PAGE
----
Point of View
There are many ways to talk about “green” design, but I think the imperative now is to construct buildings that dramatically limit carbon emissions. Zero-net-energy buildings—which generate the energy they use through renewable sources—are an important part of my practice today. I am excited about the zero-net-energy building Charles Rose Architects designed in Massachusetts—a 24,000-square-foot regional transit center in Greenfield. Gov. Deval Patrick and U.S. Rep. John Olver (D-Ma.) were among those who opened the building officially on May 4, 2012. It’s the first zero-net-energy transit center in the United States, and my colleagues and I think this building is the future.
Here is why it’s so important: In the United States, buildings use 39 percent of our energy and account for roughly 70 percent of our electricity consumption and 38 percent of carbon dioxide emissions, according to the EPA. So often, the conversation around green design tends to focus on the rating system known as LEED, or Leadership in Energy and Environmental Design. To be sure, LEED promotes the use of less-toxic products and local building materials, for example, and raises awareness of environmental issues. Charles Rose Architects has designed many LEED-rated buildings. But I feel the most valuable contribution Charles Rose Architects can make today is creating buildings that dramatically cut energy use and carbon emissions.
The John W. Olver Transit Center in Greenfield pushes far beyond LEED. The building, which combines a bus terminal with government offices and a future train depot, will produce the energy it uses in a sustainable way: through solar and geothermal sources, and a boiler on site fueled by wood pellets, a lumber-industry byproduct. It has 22 geothermal wells and a 7,300-square-foot photovoltaic array.
Achieving net-zero, particularly in a large-scale building like the transit center, requires close collaboration between architects and engineers. We started working with our engineers in the schematic design phase of the transit center. In the old days—when energy efficiency was a lower priority for clients—that never happened. A critical piece of our initial design focus was energy conservation—how to reduce the transit center’s electric and HVAC loads. We looked at strategies for super-insulating and at materials for cladding. We developed designs that project natural light deep into the building to reduce the lighting requirements.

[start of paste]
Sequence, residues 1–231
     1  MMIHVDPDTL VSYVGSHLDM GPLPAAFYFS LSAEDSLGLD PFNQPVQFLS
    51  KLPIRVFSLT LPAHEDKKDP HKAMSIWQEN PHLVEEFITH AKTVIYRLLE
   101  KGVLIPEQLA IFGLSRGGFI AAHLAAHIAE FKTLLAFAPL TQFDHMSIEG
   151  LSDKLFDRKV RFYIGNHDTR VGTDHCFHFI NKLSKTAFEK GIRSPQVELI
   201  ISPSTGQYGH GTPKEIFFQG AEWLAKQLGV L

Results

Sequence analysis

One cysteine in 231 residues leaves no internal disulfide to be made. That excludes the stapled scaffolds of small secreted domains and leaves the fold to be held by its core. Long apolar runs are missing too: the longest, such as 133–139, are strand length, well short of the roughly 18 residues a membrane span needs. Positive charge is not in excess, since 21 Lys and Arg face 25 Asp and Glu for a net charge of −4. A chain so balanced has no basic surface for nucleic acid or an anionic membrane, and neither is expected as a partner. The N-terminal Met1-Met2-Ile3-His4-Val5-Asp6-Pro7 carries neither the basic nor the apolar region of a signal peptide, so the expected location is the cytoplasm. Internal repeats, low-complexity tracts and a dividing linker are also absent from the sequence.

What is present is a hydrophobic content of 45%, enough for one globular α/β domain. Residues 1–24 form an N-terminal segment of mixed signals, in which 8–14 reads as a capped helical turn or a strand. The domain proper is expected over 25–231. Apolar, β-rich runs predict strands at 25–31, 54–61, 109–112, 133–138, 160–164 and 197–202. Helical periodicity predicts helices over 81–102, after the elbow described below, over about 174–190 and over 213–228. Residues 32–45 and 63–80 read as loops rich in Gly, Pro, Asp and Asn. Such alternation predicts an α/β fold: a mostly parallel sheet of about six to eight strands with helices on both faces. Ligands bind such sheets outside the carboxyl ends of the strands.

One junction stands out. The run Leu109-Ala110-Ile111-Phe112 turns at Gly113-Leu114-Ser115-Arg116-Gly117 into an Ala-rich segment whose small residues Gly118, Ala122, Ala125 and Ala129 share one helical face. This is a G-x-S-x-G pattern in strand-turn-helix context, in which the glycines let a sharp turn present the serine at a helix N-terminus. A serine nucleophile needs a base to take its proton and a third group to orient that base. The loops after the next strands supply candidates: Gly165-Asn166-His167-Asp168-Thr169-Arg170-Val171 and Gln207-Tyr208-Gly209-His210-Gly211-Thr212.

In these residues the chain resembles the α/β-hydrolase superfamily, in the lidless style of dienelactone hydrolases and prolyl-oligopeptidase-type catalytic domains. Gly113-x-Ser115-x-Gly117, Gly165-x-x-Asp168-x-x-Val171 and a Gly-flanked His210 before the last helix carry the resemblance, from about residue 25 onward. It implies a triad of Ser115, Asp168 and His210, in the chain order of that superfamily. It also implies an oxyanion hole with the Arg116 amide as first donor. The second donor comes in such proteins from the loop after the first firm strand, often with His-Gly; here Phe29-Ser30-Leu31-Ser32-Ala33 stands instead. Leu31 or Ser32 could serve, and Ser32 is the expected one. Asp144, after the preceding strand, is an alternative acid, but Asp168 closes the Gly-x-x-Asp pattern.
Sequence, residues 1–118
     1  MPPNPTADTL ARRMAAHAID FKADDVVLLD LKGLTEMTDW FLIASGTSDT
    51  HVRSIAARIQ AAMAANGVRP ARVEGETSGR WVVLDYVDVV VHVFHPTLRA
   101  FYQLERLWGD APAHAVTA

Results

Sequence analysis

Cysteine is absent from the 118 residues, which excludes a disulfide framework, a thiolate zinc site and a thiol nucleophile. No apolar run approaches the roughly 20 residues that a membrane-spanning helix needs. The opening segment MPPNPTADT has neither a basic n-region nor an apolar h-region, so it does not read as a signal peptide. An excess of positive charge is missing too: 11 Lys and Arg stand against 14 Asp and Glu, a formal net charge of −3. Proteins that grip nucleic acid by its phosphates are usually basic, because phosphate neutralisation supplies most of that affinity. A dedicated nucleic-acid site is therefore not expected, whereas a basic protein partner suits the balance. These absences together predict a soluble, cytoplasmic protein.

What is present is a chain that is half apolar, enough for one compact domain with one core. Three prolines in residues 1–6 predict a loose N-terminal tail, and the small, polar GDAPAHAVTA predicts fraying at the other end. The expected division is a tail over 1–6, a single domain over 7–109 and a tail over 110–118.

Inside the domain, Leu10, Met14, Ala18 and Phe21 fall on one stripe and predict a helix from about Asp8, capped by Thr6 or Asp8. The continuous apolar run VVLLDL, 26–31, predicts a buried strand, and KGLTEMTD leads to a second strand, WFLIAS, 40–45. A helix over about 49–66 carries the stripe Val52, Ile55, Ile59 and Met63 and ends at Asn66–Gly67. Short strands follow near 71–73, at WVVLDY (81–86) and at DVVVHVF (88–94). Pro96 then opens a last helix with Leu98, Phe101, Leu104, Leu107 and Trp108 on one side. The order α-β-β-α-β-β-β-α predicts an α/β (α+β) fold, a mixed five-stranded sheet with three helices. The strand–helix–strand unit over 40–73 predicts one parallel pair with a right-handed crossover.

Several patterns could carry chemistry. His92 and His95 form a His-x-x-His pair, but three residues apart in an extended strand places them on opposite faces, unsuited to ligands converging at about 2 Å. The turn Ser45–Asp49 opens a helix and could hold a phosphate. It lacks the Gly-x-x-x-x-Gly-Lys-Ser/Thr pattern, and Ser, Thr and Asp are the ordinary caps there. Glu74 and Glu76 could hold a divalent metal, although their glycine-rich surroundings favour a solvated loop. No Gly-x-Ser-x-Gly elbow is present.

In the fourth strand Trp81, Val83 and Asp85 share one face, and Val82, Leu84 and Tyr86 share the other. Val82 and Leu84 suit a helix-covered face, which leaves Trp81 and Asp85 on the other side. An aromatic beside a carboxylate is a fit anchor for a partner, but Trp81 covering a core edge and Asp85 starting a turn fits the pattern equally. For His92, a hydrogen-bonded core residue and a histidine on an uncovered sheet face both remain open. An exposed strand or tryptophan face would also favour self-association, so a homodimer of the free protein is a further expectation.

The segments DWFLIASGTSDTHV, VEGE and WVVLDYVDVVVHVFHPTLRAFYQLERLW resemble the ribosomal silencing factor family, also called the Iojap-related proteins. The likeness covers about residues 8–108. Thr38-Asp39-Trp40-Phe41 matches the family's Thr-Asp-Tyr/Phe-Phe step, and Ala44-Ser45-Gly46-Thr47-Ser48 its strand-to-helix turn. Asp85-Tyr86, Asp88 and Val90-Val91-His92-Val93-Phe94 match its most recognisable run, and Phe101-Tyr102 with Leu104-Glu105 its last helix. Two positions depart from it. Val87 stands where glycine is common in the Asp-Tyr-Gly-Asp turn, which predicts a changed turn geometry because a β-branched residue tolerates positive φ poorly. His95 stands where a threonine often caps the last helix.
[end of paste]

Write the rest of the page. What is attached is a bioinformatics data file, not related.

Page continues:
Zero-net-energy buildings cost more upfront but prove economical. The transit center, which cost $10.8 million, received funding in part from the American Recovery and Reinvestment Act and the Federal Transit Administration. Noted FTA Administrator Peter Rogoff at the opening ceremony: “These investments in energy-savings technologies pay themselves back to the taxpayer often by the third, fourth or fifth year [and] this facility is going to last for decades.” The federal government is demanding more energy-efficiency of new buildings, and that’s providing a key impetus. We also designed a zero-net-energy-capable federal office in Portsmouth, N.H., a commission of the “Design Excellence Program” of the U.S. General Services Administration.
Net-zero projects have had a profound impact on the way Charles Rose Architects designs. We are creating buildings that are highly integrated. In other words, the only way to get to net-zero is by integrating mechanical and electrical engineering into the conceptual design phase. It’s a fundamentally different way of designing. Our engineers are serious collaborators. Once again, architecture is an art and a science.